Change of Guard
While a majority of educationists welcome the Union Government’s decision of replacing the Distance Education Council with University Grants Commission for regulating open and distance learning.
While a majority of educationists welcome the Union Government’s decision of replacing the Distance Education Council with University Grants Commission for regulating open and distance learning, some are apprehensive of the new development. Prachi Rege reports
Many educationists across the country hail Union Human Resources Ministry’s recent decision of disbanding the Distance Education Council (DEC), the apex regulatory body for distance education, and handing over the reins to the University Grants Commission (UGC). The change of guard should address the plummeting quality of the Open and Distance Learning (ODL), they say. “This move will empower the new regulatory body to function and monitor ODL closely,” says Vidya Naik, associate dean, School of Distance Learning, NMIMS.
A section of intelligentia however, express apprehension regarding the ability of the “already burdened” UGC to handle the new challenge. Professor Varun Arya, director, Aravali Gurukul Ashram, Jodhpur, says, "With numereous universites under their ambit, the UGC’s plate is full. There is a serious question mark on the functioning of these institutes. How will they manage to monitor ODL?" he questions.
Dhaneswar Harichandan, director, Mumbai University’s Institute of Distance and Open Learning, is optimistic and believes that UGC will monitor ODL in the same manner as it does the other higher educational institutes. "The quality control of ODL institutes will become regularised."
Naik too feels that it is better to have a “dedicated body” to regulate ODL. Going into the history, she says that formulating DEC under the IGNOU Act, 1985 to regulate distance education, was an anamoly as IGNOU itself offered ODL courses. As a result, DEC did not have an independent existence to regulate distance education. Rakesh Khurana, chairman, Knowledge Network India, agrees with Naik. "How could an university which offers ODL courses become its regulator?"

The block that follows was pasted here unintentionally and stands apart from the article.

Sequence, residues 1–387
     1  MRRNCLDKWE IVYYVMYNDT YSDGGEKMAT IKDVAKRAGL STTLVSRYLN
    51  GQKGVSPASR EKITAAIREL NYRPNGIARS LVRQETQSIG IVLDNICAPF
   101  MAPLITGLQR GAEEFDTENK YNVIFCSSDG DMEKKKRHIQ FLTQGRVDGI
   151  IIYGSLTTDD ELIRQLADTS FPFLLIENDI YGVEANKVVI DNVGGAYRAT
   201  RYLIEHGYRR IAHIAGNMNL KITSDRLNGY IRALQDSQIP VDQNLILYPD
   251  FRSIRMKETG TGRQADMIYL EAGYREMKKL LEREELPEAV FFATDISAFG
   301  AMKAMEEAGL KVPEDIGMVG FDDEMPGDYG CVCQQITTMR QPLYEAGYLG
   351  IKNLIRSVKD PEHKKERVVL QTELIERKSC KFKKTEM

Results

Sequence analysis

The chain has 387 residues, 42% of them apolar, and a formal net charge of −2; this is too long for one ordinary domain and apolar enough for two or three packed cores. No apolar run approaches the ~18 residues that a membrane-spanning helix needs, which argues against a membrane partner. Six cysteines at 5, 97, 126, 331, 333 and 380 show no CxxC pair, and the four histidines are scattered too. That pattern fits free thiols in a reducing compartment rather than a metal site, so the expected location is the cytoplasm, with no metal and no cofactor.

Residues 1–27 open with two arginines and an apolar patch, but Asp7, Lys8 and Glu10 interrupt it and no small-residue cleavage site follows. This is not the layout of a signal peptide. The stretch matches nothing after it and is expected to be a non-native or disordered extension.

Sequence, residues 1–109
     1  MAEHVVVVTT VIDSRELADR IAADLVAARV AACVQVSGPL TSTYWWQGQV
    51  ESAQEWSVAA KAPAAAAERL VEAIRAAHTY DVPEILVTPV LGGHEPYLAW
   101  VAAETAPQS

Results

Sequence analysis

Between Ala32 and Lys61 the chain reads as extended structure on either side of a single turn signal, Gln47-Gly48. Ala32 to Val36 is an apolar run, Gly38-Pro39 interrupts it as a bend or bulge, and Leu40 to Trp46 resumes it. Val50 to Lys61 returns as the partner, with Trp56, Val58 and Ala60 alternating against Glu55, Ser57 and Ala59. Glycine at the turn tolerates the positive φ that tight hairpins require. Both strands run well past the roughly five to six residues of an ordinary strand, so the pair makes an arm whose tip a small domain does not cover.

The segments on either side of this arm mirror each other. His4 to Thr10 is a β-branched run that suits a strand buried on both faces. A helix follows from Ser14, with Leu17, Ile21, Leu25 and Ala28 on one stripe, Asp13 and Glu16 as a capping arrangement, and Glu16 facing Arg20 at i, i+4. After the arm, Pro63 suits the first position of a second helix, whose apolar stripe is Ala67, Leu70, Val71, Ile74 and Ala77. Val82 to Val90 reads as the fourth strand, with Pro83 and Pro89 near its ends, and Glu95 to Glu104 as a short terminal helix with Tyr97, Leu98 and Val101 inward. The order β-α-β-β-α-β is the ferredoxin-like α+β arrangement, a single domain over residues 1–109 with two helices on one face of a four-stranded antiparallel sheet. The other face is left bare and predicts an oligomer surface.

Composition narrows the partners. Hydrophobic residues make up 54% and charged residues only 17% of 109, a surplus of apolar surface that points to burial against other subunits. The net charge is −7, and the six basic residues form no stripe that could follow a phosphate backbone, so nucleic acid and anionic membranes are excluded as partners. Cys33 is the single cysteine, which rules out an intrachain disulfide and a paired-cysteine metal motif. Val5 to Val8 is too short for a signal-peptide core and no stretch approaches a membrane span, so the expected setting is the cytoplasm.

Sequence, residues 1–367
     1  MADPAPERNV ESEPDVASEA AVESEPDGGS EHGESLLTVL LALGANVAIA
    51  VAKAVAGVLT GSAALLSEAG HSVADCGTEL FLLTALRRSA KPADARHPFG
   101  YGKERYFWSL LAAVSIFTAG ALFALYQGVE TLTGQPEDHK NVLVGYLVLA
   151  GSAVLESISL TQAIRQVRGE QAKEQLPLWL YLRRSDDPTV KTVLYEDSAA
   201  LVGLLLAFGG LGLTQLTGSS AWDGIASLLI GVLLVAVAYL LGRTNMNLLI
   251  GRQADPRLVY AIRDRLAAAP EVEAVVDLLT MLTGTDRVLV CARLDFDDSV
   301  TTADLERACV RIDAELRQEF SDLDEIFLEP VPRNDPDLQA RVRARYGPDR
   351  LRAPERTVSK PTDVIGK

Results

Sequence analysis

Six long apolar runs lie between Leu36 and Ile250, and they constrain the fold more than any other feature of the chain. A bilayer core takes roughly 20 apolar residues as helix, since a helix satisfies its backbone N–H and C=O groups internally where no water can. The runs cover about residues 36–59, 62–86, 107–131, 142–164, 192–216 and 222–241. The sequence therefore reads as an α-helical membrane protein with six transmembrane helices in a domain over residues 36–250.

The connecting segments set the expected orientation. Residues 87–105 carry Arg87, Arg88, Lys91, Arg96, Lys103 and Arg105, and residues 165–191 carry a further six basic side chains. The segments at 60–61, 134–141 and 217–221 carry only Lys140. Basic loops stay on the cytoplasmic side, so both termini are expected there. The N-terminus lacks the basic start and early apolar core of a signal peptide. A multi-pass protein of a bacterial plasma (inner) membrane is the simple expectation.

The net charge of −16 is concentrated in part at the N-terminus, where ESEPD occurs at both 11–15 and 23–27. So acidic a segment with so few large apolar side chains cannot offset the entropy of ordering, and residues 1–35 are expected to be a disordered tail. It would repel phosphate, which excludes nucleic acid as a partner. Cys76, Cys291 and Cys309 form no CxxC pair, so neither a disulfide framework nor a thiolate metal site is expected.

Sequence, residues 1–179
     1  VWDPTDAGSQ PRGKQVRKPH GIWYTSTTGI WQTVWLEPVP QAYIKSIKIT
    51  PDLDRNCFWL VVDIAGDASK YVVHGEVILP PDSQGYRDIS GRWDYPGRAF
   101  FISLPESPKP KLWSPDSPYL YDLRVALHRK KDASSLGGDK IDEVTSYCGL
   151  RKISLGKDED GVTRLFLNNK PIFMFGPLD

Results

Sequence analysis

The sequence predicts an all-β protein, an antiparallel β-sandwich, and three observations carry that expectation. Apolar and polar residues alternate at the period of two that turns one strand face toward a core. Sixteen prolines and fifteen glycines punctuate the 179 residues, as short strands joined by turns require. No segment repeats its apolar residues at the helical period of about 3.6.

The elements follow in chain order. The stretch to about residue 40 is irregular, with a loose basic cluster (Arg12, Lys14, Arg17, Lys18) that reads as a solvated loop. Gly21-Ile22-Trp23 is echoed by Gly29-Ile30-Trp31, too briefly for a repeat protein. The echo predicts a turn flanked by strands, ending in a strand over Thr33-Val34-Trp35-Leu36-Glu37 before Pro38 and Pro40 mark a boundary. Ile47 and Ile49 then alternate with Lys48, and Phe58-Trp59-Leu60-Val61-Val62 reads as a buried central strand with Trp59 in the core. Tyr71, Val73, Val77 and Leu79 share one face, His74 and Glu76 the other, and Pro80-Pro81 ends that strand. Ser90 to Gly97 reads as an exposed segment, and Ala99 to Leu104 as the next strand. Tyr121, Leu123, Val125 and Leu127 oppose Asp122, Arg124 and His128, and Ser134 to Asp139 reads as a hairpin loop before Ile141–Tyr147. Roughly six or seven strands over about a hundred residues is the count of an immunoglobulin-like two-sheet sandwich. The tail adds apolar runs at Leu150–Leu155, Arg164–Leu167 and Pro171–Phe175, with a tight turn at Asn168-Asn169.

Educationist highlight DEC’s shortcomings. Khurana, who was also the former pro vice chancellor of IGNOU states that DEC was entangled in conflict with nodal authorities like AICTE. "Efforts to call a truce between them failed and in turn affected ODL programmes. Many of them remained unapproved. Also, exams and results were delayed putting students to great inconvenience.”
Naik adds that one of the main reasons for DEC’s inability to cope up with a plethora of ODL institutions mushrooming in the country, was the acute shortage of manpower. Bholanath Dutta, president, Management Teachers Consortium (MTC) Global, Bangalore, says, “Irregularities in terms of approval of the courses, quality maintenance and issues related to the operational jurisdiction, were reported under the old guard." They all hope that a dedicated regulatory body, will have adequate resources to invest in distance learning.
UGC is developing comprehensive guidelines for ODL based on the recommendations of the Madhava Menon Committee Report of December 2011. Khurana who is is looking forward to UGC`s intervention in the distance learning space, hopes that the commission executes its system soon. "Given the robust structure and past credentials, I believe that UGC will be able to deliver," affirms Dutta. However, he observes that it woud be interesting to see how UGC ensures quality compliance and fosters excellence in ODL.
Educationists are looking forward to an effective mechanism to monitor ODL. Since quality is the prime concern, they want UGC to have a separate wing to check the performance of the distance education programmes. "They have the wherewithal like edusat and quality resource personnel, to connect with the ODL students and must capitalise on the same to extend quality inputs," says Dutta. ODL institutes which do not adhere to the regulations, should be derecognised and be made to pay a hefty penalty, signs off Naik.